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The Sony Hack, Amy Pascal, and Gender and Power in Hollywood

The Sony Hack, Amy Pascal, and Gender and Power in Hollywood

It hasn’t been a good couple of weeks for Amy Pascal and the folks at Sony. I would even venture to say that these last couple of weeks have been the shittiest of Ms. Pascal’s 30-year career in the business. I’m not one to pile on a woman when she’s down — especially one of the few women at the very top of Hollywood — but boy, some of the stuff I’ve been reading is seriously disturbing.

I know that Ms. Pascal has already apologized profusely for her racist emails about President Obama, saying they don’t reflect who she is. But they are an unmistakable example of the white privilege that suffuses the industry and the country. All of us who are white and have that privilege need to understand the ramifications of saying those things (even in private correspondence) while in a position of power. You write it down in an email, and the next time it comes out of your mouth. No one is immune. 

But when you are a dealmaker, a greenlighter, the very arbiter of what our culture is and who becomes our role models, you have to be better. You just do.

And while Amy Pascal has caused so much of her own woes, it is hard not to feel sorry for her with some of the other crap that keeps coming out. The stuff about how her husband (a former NY Times writer who covered the film business) told her to fire her PR guy because she wasn’t invited to a Hollywood Reporter panel. And also the fact that her husband was going to vet a Maureen Dowd column that she participated in. (Dowd has refuted this.) I just can’t help but think that these would be non-stories if the genders were reversed.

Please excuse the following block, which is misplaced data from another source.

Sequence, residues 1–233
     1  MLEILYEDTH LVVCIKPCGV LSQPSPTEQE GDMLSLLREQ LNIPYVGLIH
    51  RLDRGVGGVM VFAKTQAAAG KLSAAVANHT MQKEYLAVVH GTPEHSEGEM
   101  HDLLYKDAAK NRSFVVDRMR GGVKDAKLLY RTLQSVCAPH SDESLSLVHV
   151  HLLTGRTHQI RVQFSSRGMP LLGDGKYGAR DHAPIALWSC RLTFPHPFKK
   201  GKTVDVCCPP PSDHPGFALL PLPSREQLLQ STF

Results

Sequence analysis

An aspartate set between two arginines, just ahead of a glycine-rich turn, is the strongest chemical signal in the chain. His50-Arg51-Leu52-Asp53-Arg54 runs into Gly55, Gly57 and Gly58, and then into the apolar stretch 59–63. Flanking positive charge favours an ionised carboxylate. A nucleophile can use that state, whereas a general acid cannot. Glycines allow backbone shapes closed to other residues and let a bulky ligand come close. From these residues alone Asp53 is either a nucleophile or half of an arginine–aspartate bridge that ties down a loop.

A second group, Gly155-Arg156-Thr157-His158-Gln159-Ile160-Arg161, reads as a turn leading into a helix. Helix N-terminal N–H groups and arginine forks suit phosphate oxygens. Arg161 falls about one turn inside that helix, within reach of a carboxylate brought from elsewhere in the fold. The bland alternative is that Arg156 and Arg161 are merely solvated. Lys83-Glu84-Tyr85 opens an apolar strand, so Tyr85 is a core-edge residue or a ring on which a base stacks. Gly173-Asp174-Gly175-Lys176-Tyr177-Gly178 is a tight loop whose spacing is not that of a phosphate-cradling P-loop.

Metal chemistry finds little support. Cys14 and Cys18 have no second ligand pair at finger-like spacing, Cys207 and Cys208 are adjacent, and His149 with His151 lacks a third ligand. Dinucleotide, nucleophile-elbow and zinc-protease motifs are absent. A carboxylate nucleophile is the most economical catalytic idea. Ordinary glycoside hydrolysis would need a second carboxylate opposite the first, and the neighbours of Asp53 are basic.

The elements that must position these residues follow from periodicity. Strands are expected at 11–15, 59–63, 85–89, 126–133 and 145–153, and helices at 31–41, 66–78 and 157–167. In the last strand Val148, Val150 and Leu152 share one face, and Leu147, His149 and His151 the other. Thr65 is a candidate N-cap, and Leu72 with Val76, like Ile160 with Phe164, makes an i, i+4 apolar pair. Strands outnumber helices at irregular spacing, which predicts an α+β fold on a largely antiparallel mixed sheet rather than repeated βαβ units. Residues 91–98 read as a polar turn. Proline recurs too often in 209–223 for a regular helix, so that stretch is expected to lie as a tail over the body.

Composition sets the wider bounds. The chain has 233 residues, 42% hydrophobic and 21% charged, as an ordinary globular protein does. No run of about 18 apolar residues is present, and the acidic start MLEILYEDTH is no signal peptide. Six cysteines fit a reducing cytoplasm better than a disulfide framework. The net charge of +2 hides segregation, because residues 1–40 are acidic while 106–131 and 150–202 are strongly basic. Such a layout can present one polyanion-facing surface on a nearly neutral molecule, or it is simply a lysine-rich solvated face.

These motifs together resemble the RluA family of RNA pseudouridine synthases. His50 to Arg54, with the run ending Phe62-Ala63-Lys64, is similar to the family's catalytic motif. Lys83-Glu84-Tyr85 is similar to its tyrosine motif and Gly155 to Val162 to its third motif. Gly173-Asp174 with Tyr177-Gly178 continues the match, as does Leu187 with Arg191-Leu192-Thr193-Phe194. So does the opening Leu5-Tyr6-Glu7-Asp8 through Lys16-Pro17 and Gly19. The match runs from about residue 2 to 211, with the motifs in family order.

This whole saga  — and it feels like this is still just the beginning — has unpeeled the layers of PR and doublespeak to expose the nastiness at the heart of the film industry that we could sense but never put our fingers on before. That nastiness is the sexism that pervades the business, from the lack of women on screen to the lack of opportunities for women behind the screen, which starts at the very top and trickles down. 

In the last week, for example, we have seen information about the differing pay scales for women and men at Sony. The hack revealed that the male President of Production at Columbia Pictures, Michael De Luca, makes almost a million dollars (including bonuses) more than his counterpart, Hannah Minghella, who shares the same title and position. The numbers also show that 16 out of the 17 top-paid people in the company are men. This is not just a wage gap. This is a power gap.

We also got to see a little bit about how back ends are negotiated (back ends are the profits that people get once a movie goes into the black). On the film American Hustle, the male director (David O’Russell) and stars (Bradley Cooper, Jeremy Renner and Christian Bale) were all given higher back-end deals than the women (Jennifer Lawrence and Amy Adams). How a guy like Jeremy Renner is able to get a better deal than Jennifer Lawrence is an example to me of the problems in the business.

But for me, the biggest lesson here is how all of us, not only people in power, need to match our words with our actions. Bottom line, always try and be the person you believe yourself to be capable of.

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